A nano packaging material containing nano Ag, nano TiO2, nano attapulgite and SiO2 was prepared, and its impact on quality of Nanjing 9108 rice at 37 °C and 85% relative humidity was studied. Effects of the packaging on ambient gases and chromatic aberration of rice were determined. Moreover, oxidation level, molds growth and flavor of rice were also analyzed. Results showed that nano packaging material had antimicrobial effects and maintained low O2 and high CO2 content in the packages. The packages thereby inhibited the growth of molds and the production of fatty acids, restrained the increase of lipase activity, and reduced the oxidation of fats and proteins. As a result, the production of yellow and white-belly rice were inhibited. Furthermore, the color and flavor of rice were maintained. Therefore, the nano-packing material could be applied for preservation of rice to improve preservation quality. © 2017 Elsevier Ltd


Otachi E.O.,University of Vienna | Otachi E.O.,Egerton University | Magana A.E.M.,Chuka University | Jirsa F.,University of Vienna | And 2 more authors.
Parasitology Research | Year: 2014

In Lake Naivasha, the common carp Cyprinus carpio L. 1758 was accidentally introduced from fish farms adjacent to River Malewa in 1999 and now forms the bulk of the total fish caught. Since its introduction, no study has been made on its parasitic community nor are there any reports on ectoparasites from other fish species in this lake to the best of our knowledge. Therefore, the aim of this study was to describe the parasitic community of C. carpio and two other commercially important fish species: Oreochromis leucostictus and Tilapia zillii. Additionally, the abundant Barbus paludinosus was included in the study. A total of 286 fish (145C. carpio, 56 O. leucostictus, 18 T. zillii, and 67 B. paludinosus) were collected during the year 2011 and examined. Ten taxa of parasites were recovered from C. carpio dominated by the monogenean Dactylogyrus minutus, occurring with a prevalence (p) of 99.3 %. Thirteen taxa of parasites were identified from O. leucostictus dominated by monogeneans Cichlidogyrus spp. (p = 91.1 %). T. zillii harbored nine taxa of parasites with the digenean Tylodelphys sp. (p = 83.3 %) being dominant and B. paludinosus harbored 11 taxa of parasites dominated by an unidentified monogenean of the genus Dactylogyrus (p = 83.6 %). C. carpio had the lowest helminth species diversity and richness while monogenetic trematodes, which have never been reported from fish in Lake Naivasha, were the most prevalent parasites recovered. © 2014 Springer-Verlag Berlin Heidelberg.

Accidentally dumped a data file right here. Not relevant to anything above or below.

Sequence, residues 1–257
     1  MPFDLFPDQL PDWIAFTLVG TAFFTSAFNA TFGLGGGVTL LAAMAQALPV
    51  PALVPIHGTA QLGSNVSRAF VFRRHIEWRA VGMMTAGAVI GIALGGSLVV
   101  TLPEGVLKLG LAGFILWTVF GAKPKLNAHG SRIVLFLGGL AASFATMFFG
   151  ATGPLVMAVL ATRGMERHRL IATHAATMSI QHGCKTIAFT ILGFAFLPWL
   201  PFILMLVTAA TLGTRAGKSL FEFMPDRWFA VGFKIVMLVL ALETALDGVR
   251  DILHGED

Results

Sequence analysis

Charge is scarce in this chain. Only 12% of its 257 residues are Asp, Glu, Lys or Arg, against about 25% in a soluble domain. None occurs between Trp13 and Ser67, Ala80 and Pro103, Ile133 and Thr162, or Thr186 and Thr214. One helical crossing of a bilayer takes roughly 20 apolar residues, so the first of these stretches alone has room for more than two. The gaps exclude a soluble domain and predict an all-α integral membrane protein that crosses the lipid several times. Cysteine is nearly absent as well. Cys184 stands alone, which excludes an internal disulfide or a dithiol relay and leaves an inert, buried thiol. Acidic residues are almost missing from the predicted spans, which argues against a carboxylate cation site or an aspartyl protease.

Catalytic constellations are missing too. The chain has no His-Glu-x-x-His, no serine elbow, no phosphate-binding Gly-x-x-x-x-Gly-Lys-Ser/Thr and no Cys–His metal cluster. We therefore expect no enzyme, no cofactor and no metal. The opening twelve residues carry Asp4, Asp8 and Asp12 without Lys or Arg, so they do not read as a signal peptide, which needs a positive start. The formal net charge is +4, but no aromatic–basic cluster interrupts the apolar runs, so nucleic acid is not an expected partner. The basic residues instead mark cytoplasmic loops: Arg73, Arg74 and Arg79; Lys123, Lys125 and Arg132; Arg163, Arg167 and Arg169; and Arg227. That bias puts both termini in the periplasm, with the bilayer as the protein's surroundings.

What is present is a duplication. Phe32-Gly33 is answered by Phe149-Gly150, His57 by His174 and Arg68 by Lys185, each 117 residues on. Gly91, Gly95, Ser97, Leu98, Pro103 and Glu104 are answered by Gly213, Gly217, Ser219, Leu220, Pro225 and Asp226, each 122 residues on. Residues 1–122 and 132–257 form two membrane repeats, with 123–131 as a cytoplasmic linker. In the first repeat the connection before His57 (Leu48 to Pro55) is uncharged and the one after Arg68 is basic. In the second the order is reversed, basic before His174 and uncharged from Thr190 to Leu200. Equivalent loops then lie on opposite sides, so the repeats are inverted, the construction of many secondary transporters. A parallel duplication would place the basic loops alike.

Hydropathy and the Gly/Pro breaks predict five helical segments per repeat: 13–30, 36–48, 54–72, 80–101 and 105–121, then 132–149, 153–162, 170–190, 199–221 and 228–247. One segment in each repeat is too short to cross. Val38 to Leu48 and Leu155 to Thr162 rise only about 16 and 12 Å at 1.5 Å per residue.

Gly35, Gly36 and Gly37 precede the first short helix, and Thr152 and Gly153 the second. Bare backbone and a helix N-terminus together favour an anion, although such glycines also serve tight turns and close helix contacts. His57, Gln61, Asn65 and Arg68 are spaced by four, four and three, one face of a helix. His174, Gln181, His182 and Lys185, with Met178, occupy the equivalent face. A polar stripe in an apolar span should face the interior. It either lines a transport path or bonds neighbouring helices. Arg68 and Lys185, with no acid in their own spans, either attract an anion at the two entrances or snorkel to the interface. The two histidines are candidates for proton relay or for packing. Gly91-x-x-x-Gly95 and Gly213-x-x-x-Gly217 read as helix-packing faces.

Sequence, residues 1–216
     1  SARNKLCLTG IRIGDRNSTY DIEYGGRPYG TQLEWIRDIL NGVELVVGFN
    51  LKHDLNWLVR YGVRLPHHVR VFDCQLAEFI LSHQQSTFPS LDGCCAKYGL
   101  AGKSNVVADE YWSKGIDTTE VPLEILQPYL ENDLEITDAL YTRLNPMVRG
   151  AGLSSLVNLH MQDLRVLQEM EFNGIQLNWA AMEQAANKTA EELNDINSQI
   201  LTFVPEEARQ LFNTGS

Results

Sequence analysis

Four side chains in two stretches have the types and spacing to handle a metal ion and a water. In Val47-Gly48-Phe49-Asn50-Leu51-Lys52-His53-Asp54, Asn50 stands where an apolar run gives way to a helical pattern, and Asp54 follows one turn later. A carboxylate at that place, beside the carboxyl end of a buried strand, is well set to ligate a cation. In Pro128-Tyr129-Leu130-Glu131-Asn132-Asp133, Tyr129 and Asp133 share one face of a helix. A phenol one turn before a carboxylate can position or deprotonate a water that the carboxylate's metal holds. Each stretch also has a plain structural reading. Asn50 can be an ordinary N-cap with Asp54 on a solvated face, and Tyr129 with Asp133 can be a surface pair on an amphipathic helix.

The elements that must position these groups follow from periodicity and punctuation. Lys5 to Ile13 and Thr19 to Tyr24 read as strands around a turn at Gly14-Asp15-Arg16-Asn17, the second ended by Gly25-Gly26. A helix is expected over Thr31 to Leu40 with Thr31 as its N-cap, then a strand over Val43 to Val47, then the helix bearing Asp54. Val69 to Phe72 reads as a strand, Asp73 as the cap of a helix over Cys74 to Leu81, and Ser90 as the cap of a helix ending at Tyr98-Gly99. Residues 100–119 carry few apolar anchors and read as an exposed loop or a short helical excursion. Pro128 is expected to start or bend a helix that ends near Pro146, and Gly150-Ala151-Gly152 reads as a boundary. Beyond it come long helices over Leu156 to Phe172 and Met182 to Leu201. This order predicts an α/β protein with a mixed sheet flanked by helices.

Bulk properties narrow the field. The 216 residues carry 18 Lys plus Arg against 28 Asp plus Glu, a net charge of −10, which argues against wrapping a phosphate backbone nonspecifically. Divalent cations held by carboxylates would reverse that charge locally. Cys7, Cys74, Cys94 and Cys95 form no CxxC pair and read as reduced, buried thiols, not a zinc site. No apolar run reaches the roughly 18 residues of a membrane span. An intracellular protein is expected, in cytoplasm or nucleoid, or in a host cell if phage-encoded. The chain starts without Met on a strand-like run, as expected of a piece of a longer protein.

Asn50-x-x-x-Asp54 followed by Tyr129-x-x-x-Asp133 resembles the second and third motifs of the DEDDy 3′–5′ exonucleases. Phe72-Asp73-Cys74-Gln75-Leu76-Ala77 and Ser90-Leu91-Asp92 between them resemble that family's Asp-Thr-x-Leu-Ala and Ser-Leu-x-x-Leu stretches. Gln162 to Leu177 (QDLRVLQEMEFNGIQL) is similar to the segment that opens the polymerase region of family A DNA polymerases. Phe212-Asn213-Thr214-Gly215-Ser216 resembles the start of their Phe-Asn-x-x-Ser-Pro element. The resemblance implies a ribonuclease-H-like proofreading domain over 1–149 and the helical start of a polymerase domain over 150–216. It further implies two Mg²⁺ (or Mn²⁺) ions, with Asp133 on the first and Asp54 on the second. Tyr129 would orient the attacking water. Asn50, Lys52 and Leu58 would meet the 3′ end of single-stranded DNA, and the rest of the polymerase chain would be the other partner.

Odhiambo R.,Kenyatta University | Muthakia G.K.,Kenyatta University | Kagwanja S.M.,Chuka University
Bulletin of the Chemical Society of Ethiopia | Year: 2010

New complexes derived from the reaction of Mo(NO)Tp* Cl2 = Tp* = tris(3,5-dimethylpyrazolyl) borate with a series of manganese(II) Schiff bases have been synthesized. Characterization by UV, IR, MS and elemental analysis support their formulations. Cyclic and differential pulse voltammograms of manganese(II) Schiff base monometallic complexes exhibit one reduction peak which may be associated with the reduction of the manganese(II) center. In CH3CN solutions, the molybdenum(II)-manganese(II) bimetallic complexes showed two reversible reduction peaks which are associated with the reduction of the molybdenum and manganese centers. In CH2Cl2, only the reduction of molybdenum(II) center exhibited reversibility while the reduction of manganese(II) center was irreversible. These observations demonstrate that reduction potentials for bimetallic complexes are solvent dependent. © 2010 Chemical Society of Ethiopia.


Kamweru P.K.,Chuka University | Tindibale E.L.,Egerton University
International Journal of Medicinal Mushrooms | Year: 2016

Vitamin D may have an important role in many aspects of human health, from bone fractures to prostate cancer, cardiovascular disease, neuromuscular problems, and diabetes. Vitamin D is produced in the human body by the skin after sunlight absorption, but as human lifestyles change, so does the time of exposure to sunlight, necessitating dietary supplementation of vitamin D. Mushrooms have the advantages that they are the only source of vitamin D in the produce aisle and they are one of the few nonfortified food sources. Here, we review the current literature on enhancement of the vitamin D content in mushrooms and literature evidence on the bioavailability of vitamin D in humans and animals after ingesting ultraviolet (UV)-irradiated mushrooms. We also present available literature on health safety after UV irradiation of mushrooms, and we discuss issues arising in the attempt to incorporate UV irradiation into the mushroom production line. © 2016 Begell House, Inc.


Odhiambo R.A.,University of Nairobi | Muthakia G.K.,Kenyatta University | Kagwanja S.M.,Chuka University
Transition Metal Chemistry | Year: 2012